Student riding her horse in the ring

The UVM Dressage Team is a club sport through the Student Government Associate (SGA), open to all students with an interest in competing in Dressage. It is not affiliated with the ASCI department although many of our students participate in the club which is why it is featured through our department clubs and programs page. Please see the SGA club link for contact information.

The University of Vermont Dressage Team has a lot to offer to riders of all disciplines and experience levels. Our current team consists of individuals from a range of different backgrounds, but the study of classical dressage provides the perfect common ground.

The UVM Dressage Team consists of 15-20 members. In the fall and spring semesters try-outs are held to fill any open spots. We invite all athletes to try-out.
The selection process is competitive, but not impossible as we have various experience levels to fill. If you are interested in the team, have any questions, are interested in attending tryouts, or would like to be added to our interest list, please email us at

The UVM Dressage Team is based out of the UVM Horse Barn Co-op, conveniently located about five minutes from campus. To learn more about the UVM Horse Barn Co-op, follow this link:

Membership on the UVM Dressage Team offers approximately 8, 45 minute lessons per semester, plus multiple “free rides” (practice rides, on your own) throughout the year. Additionally, the team hosts clinic lessons each semester with guest clinicians. In the past we’ve hosted Olympic and Grand Prix level trainers as well as qualified judges to help with our competition preparation.

We believe in a hands-on approach to horse care and providing our members with a comprehensive learning experience in all aspects of the equestrian sport. Our team is led by the wonderful Carolyn Tulumello! Carolyn is a USDF Bronze and Silver medalist who has over 20 years of experience working with all levels of horse and rider. Early on in her career Carolyn spent two years in Europe training with both Dressage and jumping professionals. Over the years Carolyn has brought many horses through the levels of dressage; training with notable trainers such as, Carol Lavell, Pam Goodrich, Madeleine Austin, Kathy Crosby, and Heather Blitz. Carolyn has successfully coached riders and ridden horses to many regional championships. Carolyn’s approach to training is dynamic and takes into account both horse and rider biomechanics which impact growth and development at every level.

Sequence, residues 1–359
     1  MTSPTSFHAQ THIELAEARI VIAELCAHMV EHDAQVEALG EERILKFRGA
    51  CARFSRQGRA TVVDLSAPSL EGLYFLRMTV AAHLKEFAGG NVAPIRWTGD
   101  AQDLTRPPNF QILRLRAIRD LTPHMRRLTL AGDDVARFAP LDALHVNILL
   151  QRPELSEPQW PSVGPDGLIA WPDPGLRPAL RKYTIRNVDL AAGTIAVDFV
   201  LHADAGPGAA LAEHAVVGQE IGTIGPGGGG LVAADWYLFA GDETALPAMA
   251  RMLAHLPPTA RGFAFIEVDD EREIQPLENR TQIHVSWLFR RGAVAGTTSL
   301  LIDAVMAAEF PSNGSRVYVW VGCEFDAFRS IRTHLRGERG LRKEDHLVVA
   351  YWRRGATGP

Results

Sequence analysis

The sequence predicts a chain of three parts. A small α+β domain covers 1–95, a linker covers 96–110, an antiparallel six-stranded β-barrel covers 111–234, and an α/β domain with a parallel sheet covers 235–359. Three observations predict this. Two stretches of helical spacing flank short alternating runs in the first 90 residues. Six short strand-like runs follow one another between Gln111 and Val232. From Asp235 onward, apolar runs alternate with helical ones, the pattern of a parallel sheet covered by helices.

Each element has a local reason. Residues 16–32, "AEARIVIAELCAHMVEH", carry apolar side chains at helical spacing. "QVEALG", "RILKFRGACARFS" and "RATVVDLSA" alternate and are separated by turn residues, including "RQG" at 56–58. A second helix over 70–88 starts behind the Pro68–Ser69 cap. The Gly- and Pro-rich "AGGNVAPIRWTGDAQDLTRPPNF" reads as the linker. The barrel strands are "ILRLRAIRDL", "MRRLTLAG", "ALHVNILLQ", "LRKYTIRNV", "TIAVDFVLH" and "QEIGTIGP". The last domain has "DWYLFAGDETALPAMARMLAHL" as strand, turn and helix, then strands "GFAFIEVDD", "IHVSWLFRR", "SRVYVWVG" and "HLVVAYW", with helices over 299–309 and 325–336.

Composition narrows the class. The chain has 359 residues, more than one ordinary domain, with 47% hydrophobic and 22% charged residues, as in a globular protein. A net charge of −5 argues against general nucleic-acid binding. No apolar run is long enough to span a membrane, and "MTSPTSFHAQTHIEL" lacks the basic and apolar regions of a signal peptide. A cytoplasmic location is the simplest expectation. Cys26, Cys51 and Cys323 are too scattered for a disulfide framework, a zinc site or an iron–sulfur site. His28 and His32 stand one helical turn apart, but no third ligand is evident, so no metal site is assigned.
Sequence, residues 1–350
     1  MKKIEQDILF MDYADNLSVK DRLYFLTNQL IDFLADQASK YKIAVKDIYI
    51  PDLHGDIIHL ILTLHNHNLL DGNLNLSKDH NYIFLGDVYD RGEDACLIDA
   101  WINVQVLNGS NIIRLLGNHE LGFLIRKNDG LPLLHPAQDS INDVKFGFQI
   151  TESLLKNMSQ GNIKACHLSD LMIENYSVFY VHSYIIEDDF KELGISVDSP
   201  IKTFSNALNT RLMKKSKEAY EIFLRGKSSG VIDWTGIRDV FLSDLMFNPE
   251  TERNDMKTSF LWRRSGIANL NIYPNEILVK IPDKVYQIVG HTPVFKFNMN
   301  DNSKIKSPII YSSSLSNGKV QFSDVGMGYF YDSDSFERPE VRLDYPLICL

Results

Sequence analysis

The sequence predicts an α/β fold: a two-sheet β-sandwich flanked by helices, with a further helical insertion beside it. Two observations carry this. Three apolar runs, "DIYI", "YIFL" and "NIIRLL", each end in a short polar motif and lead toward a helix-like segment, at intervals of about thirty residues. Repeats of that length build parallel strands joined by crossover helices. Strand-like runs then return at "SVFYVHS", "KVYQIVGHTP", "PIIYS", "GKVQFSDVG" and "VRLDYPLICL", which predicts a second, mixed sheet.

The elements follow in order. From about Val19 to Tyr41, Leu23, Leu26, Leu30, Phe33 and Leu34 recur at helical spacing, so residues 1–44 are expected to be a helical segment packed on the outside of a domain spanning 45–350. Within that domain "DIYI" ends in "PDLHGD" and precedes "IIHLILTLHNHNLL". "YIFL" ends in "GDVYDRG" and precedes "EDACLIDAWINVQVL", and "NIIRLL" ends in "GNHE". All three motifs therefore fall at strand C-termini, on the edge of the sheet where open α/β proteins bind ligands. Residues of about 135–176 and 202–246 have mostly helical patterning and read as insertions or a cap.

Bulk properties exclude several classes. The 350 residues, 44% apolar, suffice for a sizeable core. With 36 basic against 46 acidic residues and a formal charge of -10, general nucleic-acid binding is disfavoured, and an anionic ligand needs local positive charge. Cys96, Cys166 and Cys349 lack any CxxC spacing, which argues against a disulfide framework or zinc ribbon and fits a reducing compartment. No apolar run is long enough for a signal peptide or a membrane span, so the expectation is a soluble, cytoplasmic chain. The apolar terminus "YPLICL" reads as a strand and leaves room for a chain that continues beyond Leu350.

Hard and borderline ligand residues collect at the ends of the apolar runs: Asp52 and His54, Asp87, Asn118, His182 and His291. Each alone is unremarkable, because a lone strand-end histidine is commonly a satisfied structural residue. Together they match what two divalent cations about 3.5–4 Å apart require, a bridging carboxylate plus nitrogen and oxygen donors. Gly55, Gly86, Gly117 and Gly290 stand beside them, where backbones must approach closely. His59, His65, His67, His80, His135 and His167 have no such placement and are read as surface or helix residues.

To put our skills to practice, the UVM Dressage Team takes part in intercollegiate dressage competitions, sponsored by the IDA. The team takes several members to each show, where we compete at Introductory, Lower Training (T1), Upper Training (T3), and First Level. We compete against other schools in regions A and B. Riders are mounted on a horse, drawn at random from within their level, given 10 minutes to warm up, and then expected to perform their test. This is an excellent opportunity to improve your ability to ‘catch ride’ and learn how to ride and perform on any horse. Each semester there are approximately four to six horse shows sponsored by university teams within our region, as well as IDA Nationals, held in mid-April. We currently compete in the A/B region of the IDA which includes UNH, JWU, UMass, UConn, MHC and UVM. To learn more about the IDA, please visit:

Have any questions or want to learn more? Email us at

And follow us on Facebook and Instagram @uvmdressage

What is Dressage?

Student riding her horse in competition

dres·sage   (dr-säzh, dr-) [French, preparation, training, dressage, from dresser, to set up, arrange, train, from Old French drecier, to set up, arrange.]

"To the untrained eye it looks easy, but like many equestrian sports, it serves the needs of a diverse range of horse lovers. It's an Olympic equestrian sport; yet a basic training discipline for the backyard horse. Dressage teaches a horse to be obedient, willing, supple and responsive. The horse freely submits to the rider's lightest "aids" or body signals, while remaining balanced and energetic. The object of dressage is the harmonious development of the horse in both mind and body, and every horse, regardless of its type or use, can benefit from this training. Dressage principles are a logical, step-by-step progression from simple to increasingly complex movements. More and more is asked of the horse as it becomes mentally and physically ready to respond to these demands. The graceful movements performed in competition may look effortless, but are the result of years of training. The aids should be virtually imperceptible. A squeeze of the calf, a closing of the fingers, a shifting of the rider's weight in the saddle should be all that is necessary to tell the horse what is required. Dressage requires the horse and rider to combine the strength and agility of gymnastics with the elegance and beauty of ballet. The result is truly the best blend of sport and art. The highlight of a dressage competition is the Musical Freestyle in which the rider creates and choreographs to music an original ride of compulsory figures and movements."

—The United States Dressage Federation

Team Roster

Group photo of the team and their club banner

See SGA site for current roster 

Contact information

Need to Contact someone from the Team?

Club Advisor: Marie-France Nelson (


Horse eating a yellow Popsicle

Upcoming Events:

Please see Facebook for current events

The Dressage Team is an official UVM Club sport

This page is only to represent what an ASCI major might be interested in. It is not the official club page. Please see that here: